Seattle trying to avoid distractions about CBs

Richard Sherman is at the center of what could be a massive
distraction for the Seattle Seahawks as they try to keep hold of
the last playoff spot in the NFC wild-card chase.

Yet the talkative cornerback said Wednesday that this week is
the same as always, despite news leaking out of failed drug tests
by Sherman and fellow starting cornerback Brandon Browner that
could be a huge blow to Seattle’s playoff chase.

”No, nothing different. It’s not tough at all. It’s just the
same old routine for us regardless of what is going on,” Sherman
said. ”You just go out there and play football. That’s the good
thing about the game, you can just go out there and play. You don’t
have to worry about nothing, and there is nothing to worry about in
the first place.”

Sherman spoke for the first time since news first broke saying
he and Browner failed tests for performance-enhancing drugs and
face possible four-game suspensions. The Seahawks expect the pair
to play this week at Chicago while they work on their appeal to the

”The truth always comes out. You just go on about going on,”
Sherman said. ”The process is going to play out how it’s going to
play out and when you know what you know, you just continue to be
confident, continue to go out there and play.”

Later Wednesday, after the Seahawks wrapped practice, the pair
released a statement through the team saying they would not be
commenting about the situation again until the appeal is

”To allow our focus to remain on football, during the appeal
process we will refrain from any further public comments regarding
this situation,” the statement said.

Browner’s agent, Peter Schaffer, told reporters Monday night
that Browner has no knowledge of how any illegal substances could
have entered his system.

The team is limited in what it can say directly regarding the
possible suspensions because of the league’s collective bargaining

Seattle coach Pete Carroll on Wednesday said the issue was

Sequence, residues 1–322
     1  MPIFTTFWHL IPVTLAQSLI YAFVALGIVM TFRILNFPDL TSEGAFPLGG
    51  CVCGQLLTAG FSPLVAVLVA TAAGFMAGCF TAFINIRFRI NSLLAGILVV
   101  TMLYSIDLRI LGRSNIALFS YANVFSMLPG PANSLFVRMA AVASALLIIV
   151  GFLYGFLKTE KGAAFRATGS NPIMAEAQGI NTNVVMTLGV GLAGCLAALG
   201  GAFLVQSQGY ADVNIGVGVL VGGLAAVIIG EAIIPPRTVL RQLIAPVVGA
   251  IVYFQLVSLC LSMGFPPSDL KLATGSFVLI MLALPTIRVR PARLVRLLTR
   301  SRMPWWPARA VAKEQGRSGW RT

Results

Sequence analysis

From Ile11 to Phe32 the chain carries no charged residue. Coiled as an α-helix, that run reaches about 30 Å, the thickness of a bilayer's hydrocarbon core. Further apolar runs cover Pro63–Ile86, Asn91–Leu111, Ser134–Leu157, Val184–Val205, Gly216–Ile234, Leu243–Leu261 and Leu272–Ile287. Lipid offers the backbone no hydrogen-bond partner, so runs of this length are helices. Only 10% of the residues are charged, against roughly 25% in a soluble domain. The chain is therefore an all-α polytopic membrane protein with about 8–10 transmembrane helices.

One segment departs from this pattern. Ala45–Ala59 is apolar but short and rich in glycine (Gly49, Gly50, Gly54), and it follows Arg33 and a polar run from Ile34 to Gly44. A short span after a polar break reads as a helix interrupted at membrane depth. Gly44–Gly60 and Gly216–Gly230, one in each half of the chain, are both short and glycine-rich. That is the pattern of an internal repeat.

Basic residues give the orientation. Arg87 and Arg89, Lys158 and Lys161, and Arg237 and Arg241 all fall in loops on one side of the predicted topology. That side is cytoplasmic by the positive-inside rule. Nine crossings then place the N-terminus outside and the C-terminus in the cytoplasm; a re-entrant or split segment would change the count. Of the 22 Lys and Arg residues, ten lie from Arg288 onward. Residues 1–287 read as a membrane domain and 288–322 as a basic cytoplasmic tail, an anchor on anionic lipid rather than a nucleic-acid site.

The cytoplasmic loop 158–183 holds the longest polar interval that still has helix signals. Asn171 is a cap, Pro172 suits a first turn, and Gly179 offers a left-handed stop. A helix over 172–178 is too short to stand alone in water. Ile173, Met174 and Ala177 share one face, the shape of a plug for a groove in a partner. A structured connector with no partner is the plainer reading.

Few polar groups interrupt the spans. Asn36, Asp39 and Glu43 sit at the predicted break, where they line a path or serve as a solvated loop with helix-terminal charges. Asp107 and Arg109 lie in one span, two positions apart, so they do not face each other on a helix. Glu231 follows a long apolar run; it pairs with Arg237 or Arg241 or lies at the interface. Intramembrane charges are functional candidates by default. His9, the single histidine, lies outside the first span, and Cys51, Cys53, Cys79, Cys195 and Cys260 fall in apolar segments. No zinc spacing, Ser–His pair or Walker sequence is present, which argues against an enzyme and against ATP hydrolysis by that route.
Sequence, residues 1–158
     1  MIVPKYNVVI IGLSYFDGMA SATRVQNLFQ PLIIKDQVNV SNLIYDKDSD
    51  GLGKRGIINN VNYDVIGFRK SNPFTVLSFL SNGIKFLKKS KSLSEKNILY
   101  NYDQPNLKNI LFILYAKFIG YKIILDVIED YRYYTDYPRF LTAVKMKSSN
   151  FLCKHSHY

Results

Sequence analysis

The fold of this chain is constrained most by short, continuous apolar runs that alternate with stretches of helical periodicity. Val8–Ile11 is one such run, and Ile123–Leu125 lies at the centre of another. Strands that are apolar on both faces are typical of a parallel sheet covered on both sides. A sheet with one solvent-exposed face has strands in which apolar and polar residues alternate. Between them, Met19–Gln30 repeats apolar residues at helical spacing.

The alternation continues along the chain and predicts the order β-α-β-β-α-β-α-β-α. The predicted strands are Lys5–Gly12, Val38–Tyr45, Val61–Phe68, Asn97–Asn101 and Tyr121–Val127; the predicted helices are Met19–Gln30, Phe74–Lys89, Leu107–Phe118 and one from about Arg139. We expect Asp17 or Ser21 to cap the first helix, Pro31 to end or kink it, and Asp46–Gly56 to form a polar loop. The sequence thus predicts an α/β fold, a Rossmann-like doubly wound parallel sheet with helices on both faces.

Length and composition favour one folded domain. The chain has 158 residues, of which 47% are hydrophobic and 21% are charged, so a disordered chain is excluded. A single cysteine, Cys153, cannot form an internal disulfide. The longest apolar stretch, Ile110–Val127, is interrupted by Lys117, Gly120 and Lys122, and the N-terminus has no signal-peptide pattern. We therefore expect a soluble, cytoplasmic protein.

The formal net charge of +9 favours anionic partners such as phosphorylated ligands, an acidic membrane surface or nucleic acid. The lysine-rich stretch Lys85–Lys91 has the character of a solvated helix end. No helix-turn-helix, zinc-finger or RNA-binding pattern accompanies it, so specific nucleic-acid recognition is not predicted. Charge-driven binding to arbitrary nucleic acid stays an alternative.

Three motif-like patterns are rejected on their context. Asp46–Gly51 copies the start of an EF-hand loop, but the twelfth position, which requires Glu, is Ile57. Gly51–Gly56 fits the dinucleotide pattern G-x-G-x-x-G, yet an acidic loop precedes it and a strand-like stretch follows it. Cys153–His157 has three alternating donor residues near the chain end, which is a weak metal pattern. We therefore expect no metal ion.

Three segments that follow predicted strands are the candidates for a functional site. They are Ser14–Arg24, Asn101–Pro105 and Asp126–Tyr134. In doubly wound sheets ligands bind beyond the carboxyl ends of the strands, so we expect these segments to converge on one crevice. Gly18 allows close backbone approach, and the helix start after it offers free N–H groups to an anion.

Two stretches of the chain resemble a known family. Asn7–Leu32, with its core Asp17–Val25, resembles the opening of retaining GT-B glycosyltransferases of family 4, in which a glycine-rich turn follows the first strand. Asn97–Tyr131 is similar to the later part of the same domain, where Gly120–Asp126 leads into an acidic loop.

discussed and there would be no lingering hangover, whether it was
from Seattle giving up 17 fourth-quarter points last Sunday at
Miami, or all the attention on the possible suspensions.

”I feel like they have responded well, and we have talked about
any issues that can come up, and those issues are no different than
what everybody faces in that Chicago has six guys hurt. How do you
deal with that? You have all of those issues that you have to deal
with so you just take them on, face it up and go,” Carroll said.
”So right now whatever you’re referring to is not an issue in our
locker room.”

Seattle fullback Michael Robinson, one of the Seahawks’ players
union representatives, said he was concerned that news of the
suspensions leaked out before the appeal was heard and about how
that could influence opinions.

”I think it puts the players in a compromising situation. I
feel like the people that are hearing the appeals watch TV just
like you and I and perception is reality,” Robinson said. ”If the
media is driving a story that some players did something and it
might not be true – who knows – I feel personally that affects the
appeals process. I think it should be very, very confidential and
no one should know about it until all the facts are out.”

Browner and Sherman are key for the Seahawks defense. Browner
was a Pro Bowl selection a season ago, and Sherman has quickly
climbed the ranks of the elite cornerbacks in the league in just
his second season. Their ability to play one-on-one, physical
defense is largely why Seattle has the third-best pass defense in
the NFL.

On a conference call Wednesday, Bears receiver Brandon Marshall
said he respected cornerbacks like Browner and Sherman because of
their willingness to match up one-on-one against receivers.

”I love one-on-one coverage, so if they’re going to do that
then it’s going to be fun out there,” Marshall said. ”This is
what the NFL is about, man on man. All of this double-coverage,
triple-coverage stuff, I don’t really respect that or corners that
hide behind a system, and these two guys don’t hide behind the
system. They want the target on their back and I respect them for

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